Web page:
Marathon, not a Sprint

I am finding that my life has become a juggling act lately and a new ball is constantly being tossed into the mix without much warning. I suppose this is what you sign up for when you become a (special needs) parent and work full time. I know I am not unique in my circumstances by any means.

But, what I’m finding the most challenging is knowing when to pack up shop and drop the juggling act. There never seems to be a right time to just hit the pause button, and this is where my life as a full-time working, special needs parent tends to go haywire.

It can get lonely being an autism parent, especially when you’re not only raising a child with autism but other little ones too. Play dates are limited, if available at all, outings are a federal project because they require so much prep and so many mental pep talks, date nights don’t exist because it’s too much responsibility to put on someone else, and having people over can seem ideal, but you can’t devote all your attention to your guests when your attention is being demanded by your children. It also doesn’t help when you have an introverted child who is minimally verbal because conversations and interactions are so one-sided. It’s hard to build a connection when you child is living parallel to you and there are few intersections.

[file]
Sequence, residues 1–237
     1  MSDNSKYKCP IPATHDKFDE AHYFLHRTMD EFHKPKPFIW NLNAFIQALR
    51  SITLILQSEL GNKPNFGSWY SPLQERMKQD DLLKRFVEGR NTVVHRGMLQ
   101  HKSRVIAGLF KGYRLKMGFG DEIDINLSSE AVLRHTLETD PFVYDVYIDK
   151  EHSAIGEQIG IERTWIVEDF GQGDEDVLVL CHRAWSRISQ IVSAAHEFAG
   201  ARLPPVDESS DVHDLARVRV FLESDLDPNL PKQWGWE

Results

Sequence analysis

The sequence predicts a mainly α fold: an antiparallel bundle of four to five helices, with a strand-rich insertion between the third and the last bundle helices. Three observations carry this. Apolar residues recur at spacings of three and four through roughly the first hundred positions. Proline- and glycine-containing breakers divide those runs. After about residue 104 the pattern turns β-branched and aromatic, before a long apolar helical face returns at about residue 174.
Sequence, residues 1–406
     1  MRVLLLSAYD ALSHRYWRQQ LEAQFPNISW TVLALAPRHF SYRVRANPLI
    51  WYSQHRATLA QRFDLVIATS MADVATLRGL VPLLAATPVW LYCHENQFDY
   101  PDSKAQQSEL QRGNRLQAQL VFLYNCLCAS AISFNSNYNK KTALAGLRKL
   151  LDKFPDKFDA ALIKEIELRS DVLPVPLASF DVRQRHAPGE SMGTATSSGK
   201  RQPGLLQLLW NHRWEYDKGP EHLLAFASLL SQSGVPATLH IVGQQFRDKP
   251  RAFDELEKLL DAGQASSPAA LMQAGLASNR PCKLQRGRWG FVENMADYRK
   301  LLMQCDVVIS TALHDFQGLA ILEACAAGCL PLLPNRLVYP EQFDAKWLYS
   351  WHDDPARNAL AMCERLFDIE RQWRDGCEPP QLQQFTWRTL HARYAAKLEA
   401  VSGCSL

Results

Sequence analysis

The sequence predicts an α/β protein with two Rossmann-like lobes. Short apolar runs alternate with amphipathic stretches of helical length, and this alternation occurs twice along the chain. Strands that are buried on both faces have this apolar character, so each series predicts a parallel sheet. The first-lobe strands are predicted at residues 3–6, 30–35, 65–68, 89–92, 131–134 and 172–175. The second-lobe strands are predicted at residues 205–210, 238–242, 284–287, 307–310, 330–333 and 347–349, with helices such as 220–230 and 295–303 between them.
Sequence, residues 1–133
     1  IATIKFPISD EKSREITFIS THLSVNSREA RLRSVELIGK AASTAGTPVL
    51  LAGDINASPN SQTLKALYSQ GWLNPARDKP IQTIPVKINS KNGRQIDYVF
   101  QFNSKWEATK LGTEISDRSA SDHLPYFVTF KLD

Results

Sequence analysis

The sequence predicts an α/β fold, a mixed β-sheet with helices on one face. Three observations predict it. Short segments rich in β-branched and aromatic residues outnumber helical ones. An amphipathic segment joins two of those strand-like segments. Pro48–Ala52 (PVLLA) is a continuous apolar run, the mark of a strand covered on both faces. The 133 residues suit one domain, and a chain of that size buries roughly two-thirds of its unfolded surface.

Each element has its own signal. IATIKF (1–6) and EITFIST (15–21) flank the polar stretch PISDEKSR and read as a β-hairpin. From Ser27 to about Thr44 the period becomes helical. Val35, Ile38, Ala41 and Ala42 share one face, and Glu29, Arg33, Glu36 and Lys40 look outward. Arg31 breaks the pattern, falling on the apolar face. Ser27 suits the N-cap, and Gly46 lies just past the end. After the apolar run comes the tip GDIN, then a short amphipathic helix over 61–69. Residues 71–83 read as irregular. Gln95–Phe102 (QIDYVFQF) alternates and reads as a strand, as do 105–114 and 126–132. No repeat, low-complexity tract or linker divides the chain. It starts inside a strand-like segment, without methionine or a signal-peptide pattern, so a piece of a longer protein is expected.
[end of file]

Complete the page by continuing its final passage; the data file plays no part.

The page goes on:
Now, I have experienced all of the above at least a few times, but when they are so far and few between, you almost feel safer not attempting them at all. It becomes easier to just stay at home where it’s safe and predictable. Besides, when you’re exhausted all the time from going, going, going you don’t want to do much more than nothing. In turn, I think I have become complacent.

But I have been working so hard to stay motivated and open to venturing out as a family for my children and husband’s sake. That way I don’t feel like all I do is work and parent; I can close my computer, enjoy my beautiful family, and maybe even sneak in a few quiet moments with my husband so we can remember what it feels like to be friends and in love.

So we decided to go to an Autism Art Walk this past weekend near our home. My husband and I were eager to meet others living with autism, and…they have a great cantina where we could get a drink and walk around feeling like we were on a little date together.